Made for exceptional kids
Cajal Academy accepts children who have high cognitive profiles who are looking for an intellectually-engaging environment in which to develop their gifts, including students who have learning, social and emotional differences. Our program, environment and approach is different by design: we recognize that a traditional classroom environment and curricular approach were architected for a different time and place, and without the benefit of all modern science reveals about the basics of how children’s bodies and minds work together. Our goal is to empower each child with the strategies they need to monitor, manage and advocate for their various learning, social, physiological and emotional needs, while inspiring them to ignite and develop their own learning sparks, through project-based learning that relates back to their real world experiences.
We are currently accepting applications on a rolling basis for an expanded pilot program of up to 12 kids for the fall of 2019, drawn from elementary and middle school grade levels. Eventually, we expect that we will expand to a student body of approximately 100-150 kids in grades K-12. Our class sizes are and will always be small: each student has an individualized program, and students will work in small groups within each cohort of 12 students, according to their strengths and support needs with respect to a given element of a particular project. Our academic studio is co-taught by content and clinical experts, so that our instruction is as integrated as a child’s life-experience is. This also results in small and highly-trained staff to student ratios, with additional, one-to-one therapeutic intensives where appropriate.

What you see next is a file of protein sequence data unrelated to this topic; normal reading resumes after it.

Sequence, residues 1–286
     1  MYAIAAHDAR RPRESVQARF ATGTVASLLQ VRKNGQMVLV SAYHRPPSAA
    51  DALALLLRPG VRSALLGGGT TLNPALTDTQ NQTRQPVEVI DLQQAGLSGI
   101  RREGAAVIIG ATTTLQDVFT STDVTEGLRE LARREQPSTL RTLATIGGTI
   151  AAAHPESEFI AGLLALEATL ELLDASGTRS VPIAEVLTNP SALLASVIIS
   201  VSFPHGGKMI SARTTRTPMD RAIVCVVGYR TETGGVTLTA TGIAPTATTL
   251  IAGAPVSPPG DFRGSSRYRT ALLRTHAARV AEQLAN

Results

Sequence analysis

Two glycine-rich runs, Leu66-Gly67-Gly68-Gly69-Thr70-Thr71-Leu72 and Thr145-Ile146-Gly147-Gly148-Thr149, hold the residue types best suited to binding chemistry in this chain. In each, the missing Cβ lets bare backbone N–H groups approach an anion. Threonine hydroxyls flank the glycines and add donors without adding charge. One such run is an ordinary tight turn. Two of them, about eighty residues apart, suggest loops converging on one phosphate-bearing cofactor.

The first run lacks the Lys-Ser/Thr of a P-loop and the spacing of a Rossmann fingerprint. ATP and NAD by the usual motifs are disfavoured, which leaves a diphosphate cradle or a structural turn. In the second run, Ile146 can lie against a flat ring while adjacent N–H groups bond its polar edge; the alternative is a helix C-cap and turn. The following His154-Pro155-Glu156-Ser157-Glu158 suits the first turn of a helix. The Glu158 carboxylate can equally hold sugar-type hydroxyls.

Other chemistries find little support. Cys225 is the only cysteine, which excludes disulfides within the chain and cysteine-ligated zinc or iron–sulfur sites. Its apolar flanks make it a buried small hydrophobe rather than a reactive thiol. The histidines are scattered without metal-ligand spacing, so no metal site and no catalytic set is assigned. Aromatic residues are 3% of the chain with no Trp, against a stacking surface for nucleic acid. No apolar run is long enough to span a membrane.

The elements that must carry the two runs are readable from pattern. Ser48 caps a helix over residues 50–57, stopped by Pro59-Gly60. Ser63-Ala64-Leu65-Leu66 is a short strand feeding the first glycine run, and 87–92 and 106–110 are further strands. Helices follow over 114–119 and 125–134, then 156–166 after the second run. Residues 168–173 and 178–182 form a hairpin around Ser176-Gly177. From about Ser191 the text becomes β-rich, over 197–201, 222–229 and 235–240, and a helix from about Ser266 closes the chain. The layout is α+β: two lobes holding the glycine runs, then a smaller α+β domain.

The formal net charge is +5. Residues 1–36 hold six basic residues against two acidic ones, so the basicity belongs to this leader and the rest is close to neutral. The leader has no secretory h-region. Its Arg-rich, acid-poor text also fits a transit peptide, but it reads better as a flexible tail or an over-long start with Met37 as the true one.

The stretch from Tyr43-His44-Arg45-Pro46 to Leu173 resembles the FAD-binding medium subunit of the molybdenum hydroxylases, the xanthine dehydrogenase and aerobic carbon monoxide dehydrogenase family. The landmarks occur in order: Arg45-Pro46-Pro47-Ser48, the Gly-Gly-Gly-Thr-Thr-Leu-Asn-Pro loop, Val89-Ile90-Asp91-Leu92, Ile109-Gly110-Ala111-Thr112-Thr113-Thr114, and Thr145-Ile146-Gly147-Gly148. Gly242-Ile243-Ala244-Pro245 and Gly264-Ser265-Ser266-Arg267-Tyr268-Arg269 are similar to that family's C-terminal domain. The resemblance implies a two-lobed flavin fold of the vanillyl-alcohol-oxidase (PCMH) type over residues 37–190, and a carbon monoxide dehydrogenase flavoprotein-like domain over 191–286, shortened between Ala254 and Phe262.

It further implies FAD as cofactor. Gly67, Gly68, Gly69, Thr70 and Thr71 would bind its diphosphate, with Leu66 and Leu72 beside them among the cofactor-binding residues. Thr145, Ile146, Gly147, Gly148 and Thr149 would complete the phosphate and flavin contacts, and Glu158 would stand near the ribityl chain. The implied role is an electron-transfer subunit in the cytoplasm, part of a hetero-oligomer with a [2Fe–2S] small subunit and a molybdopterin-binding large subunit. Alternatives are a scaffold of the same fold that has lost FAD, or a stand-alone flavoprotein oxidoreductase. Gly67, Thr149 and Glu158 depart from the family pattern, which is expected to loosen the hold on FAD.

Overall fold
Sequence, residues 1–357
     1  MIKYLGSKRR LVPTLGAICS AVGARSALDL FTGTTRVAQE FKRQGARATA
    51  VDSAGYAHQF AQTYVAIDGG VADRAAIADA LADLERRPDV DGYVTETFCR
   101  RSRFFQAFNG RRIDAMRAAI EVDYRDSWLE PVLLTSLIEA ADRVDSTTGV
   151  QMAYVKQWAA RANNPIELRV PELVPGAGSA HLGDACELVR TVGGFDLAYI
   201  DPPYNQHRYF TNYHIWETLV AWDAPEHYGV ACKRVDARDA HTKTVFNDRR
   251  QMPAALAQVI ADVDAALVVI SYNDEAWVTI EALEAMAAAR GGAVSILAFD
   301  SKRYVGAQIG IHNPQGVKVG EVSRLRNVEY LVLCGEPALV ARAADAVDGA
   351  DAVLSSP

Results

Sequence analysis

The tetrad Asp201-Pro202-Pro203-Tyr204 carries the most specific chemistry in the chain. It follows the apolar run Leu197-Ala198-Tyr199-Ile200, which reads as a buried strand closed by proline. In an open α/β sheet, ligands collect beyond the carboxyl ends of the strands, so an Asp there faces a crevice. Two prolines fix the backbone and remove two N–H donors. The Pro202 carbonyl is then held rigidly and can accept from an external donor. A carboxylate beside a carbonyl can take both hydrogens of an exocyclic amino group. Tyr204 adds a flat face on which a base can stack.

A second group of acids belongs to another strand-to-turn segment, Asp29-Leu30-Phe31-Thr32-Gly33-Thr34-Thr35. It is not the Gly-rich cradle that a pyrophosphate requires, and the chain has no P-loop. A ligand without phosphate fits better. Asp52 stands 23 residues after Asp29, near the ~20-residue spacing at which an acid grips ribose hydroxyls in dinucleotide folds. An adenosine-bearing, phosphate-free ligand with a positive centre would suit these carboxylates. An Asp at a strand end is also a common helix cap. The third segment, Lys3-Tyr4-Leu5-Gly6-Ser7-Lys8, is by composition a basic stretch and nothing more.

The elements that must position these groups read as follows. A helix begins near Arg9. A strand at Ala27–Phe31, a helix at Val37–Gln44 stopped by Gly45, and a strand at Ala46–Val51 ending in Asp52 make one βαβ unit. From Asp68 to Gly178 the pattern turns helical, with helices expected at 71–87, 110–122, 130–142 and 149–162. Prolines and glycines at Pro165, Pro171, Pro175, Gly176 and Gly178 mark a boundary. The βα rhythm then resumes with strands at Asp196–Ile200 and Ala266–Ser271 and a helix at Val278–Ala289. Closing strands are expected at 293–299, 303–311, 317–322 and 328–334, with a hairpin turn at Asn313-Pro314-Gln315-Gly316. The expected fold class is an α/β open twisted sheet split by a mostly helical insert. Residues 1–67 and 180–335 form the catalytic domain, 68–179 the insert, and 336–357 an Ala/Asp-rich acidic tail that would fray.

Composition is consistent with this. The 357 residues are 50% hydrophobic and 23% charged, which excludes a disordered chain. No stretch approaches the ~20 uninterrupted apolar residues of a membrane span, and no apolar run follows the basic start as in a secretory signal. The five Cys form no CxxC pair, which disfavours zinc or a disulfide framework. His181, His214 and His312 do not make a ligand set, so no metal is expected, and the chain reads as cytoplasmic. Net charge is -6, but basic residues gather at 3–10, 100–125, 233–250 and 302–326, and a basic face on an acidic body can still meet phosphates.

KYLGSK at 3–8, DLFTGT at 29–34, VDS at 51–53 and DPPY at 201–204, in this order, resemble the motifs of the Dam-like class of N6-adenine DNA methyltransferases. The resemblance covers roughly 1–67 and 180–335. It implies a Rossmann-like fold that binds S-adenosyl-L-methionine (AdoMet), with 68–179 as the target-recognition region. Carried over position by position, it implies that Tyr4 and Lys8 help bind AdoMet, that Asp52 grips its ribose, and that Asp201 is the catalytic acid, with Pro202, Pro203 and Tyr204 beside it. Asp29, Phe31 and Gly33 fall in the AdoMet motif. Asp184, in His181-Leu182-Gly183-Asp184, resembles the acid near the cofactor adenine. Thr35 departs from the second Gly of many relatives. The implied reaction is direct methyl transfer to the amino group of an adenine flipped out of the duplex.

Finally, we recognize that where children have had a bad experience or felt unsuccessful in prior school environments, they may require a gradual and highly-supported adjustment into a new program. Cajal Academy is a trauma-informed school, and our staff is trained in understanding how to identify and support both emotional and neurological factors that may contribute to children’s emotional, social and learning experiences.